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Thursday, January 26, 2006

How do I deal with it (II)

Desensitisation is a very slow process. In my previous post, I wrote about how I got used to working with dead bodies and being around dead things.

Another part of my medical training taught me how to depersonalise a patient - cutting up dead bodies is one thing...cutting up live bodies is a totally different experience.

During my surgical attachments, we often had the opportunity to assist the surgeons by holding optical equipment or metal retractors (used to pull stuff out of the way, so that the surgeon can get a better view).

The first operation I attended was a hip replacement. However, due to the age of the person having the replacement, it was done under spinal anaesthetic. This means that the person is paralysed from the waist down and cannot feel anything below the waist. Additionally, a sedative was administered to keep the patient relaxed. My job during the operation was to keep the patient occupied.

A green sterile sheet acted as a screen between the patient and the surgeon. The patient could not see the surgeon and vice-versa. I, however, could see both the patient and the surgeon.

Hip replacements are ghastly. By the middle of the surgery, we were all sliding about in pools of blood. The patient, however, was totally oblivious to what was going on - she was in fairyland as far as she was concerned, never felt better in her whole life, wonderful wonderful and you are all darling angels, absolutely darling.

I held her hand and smiled at her. In the corner of my eye, I could see chips of bone flying all over the place from the surgical saw.

Here was a laughing rosy-cheeked lady, with grandchildren in college and a lazy grey cat named 'George' whom she rescued from drowning a lake when he was a wee 'un, who was stroking my hand and telling me about how she'd met her poor dear husband...and we were recklessly turning her body into a battlefield with all the chopping and slashing and parts of her flying every which way. The dichotomy of it was horrifying for me. In the end, I had to leave before the end of the operation because I felt sickened.

Sometime after that, I was assisting in an operation to remove a diseased kidney. My purpose was to hold organs out of the way using my hands, which you might say was a more messy and involved job. The patient was asleep and covered by the green sterile sheets so that all I could see was a square of skin. During the entire operation, I had my hands in the depths of her abdomen but I never saw her face. At the end of it, I had her kidney in my hands, and it was horribly scarred and deformed, and I felt...nothing.

The patient under anaesthetic has as much feeling as the table he or she is lying on. When we talk about general anaesthetic to a lay person, we always talk about sleep. "You will be asleep the whole time," we say, reassuringly. This is not entirely true - a person who is merely asleep would never let anyone cut into them with sharp scalpels. Anesthesia is the art of successfully bringing someone to the brink of death and keeping them there for as long as necessary.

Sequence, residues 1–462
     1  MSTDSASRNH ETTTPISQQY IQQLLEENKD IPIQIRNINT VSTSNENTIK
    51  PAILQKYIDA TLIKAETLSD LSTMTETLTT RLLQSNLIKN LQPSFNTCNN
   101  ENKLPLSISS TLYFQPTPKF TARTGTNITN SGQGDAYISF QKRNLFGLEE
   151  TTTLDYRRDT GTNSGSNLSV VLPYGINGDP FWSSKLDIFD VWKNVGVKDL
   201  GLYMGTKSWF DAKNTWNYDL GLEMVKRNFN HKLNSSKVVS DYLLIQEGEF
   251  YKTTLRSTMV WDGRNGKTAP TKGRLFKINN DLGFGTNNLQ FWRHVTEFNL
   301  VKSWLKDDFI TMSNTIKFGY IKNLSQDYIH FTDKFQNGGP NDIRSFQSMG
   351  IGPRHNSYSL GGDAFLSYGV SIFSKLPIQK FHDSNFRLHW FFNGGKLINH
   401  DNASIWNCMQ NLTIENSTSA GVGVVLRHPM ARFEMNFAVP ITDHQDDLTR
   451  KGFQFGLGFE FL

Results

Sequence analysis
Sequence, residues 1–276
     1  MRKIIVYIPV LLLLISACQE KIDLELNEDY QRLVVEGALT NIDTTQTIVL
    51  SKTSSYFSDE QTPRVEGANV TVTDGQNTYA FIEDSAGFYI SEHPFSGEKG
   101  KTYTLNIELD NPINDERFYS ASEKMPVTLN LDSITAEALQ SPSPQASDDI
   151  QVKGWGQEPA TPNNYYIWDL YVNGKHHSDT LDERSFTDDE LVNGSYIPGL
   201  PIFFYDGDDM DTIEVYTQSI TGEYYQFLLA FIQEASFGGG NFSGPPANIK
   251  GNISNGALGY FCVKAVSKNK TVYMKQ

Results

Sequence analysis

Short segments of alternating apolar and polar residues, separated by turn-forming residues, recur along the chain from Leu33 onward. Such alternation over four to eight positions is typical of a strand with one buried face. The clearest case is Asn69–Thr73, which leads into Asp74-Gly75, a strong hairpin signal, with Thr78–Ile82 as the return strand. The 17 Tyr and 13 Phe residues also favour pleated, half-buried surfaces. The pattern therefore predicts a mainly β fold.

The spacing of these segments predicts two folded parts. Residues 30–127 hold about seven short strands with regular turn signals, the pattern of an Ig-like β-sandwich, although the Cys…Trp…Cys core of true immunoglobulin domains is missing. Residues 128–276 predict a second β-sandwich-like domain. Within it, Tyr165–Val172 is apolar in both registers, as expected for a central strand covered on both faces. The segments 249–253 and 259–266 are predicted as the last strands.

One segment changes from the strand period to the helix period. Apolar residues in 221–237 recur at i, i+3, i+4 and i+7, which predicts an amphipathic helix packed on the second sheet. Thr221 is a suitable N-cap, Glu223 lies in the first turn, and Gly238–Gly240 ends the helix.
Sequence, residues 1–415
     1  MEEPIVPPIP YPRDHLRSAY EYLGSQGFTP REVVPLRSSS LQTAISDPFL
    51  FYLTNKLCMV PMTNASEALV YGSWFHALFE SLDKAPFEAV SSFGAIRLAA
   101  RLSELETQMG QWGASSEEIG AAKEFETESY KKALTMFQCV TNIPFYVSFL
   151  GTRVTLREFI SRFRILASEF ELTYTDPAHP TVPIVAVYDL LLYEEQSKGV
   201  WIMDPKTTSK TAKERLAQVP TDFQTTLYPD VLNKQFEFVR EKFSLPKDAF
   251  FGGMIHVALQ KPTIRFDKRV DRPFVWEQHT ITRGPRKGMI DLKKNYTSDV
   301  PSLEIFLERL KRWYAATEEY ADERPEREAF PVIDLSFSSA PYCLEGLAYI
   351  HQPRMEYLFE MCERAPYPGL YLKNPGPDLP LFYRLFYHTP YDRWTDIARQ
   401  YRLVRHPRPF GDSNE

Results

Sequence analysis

So, this kidney operation I attended...well, it was like working with a cadaver, a lifeless object. An entire patient, transformed into a 30 x 50cm block of meat by green sheets and the right drugs.

It's very easy to depersonalise a body when you have had no relationship with it and when it has no face. And by depersonalising a patient, I could concentrate on the task at hand because I had no feelings for them. It's all a matter of perception, I guess.

What is blood when you think of it as red water, rather than the life substance of a person?

Even now, when I'm trying to do something bloody or painful to a patient, I think to myself "it's for their own good" and shut out their cries and screams and anything else that reminds me that I'm dealing with someone who can feel.

6 Comments:

Blogger trisha said...

This is why I faithfully read your blog everyday. You give us common non-medical people a glimpse into a world that we can only imagine, which is often influenced by what we see on TV ("ER" for me!).

I am totally riveted by what you just wrote. Can't imagine how you deal with such things on a daily basis.

9:59 am  
Blogger angry doc said...

The only operation I ever felt sick watching was an orchidectomy...

12:03 pm  
Anonymous jessica said...

that happens to me when i have to extract wisdom teeth..
i know about this whole holistic approach thing....but sometimes... it seems like the mouth...is the only part of them...floating around as an individual entity...instead of belonging to a person...

10:19 pm  
Blogger tscd said...

trisha: Ooh, I used to love ER. My entire house used to congregate in the common room to watch it when we were in our first year - we were convinced that our lectures followed the series because we always seemed to be studying the same cases.

angry doc: Yeah? Ever watched a TURP? It looks painful.

jessica: Extracting wisdom teeth...argh! How do you practice during your dental training? Presumably there is very little room for mistakes in dentistry.

10:58 pm  
Blogger Tym said...

This series of yours should be required reading for all those people who tumble into medical studies only because their parents want them to.

10:44 pm  
Blogger tscd said...

tym: I always try and discourage people who don't really want to study medicine. The last thing a patient needs is to be treated by a doctor who has no interest in what they do and is only concerned with image and money. Unhappy doctor = unhappy patient.

12:32 am  

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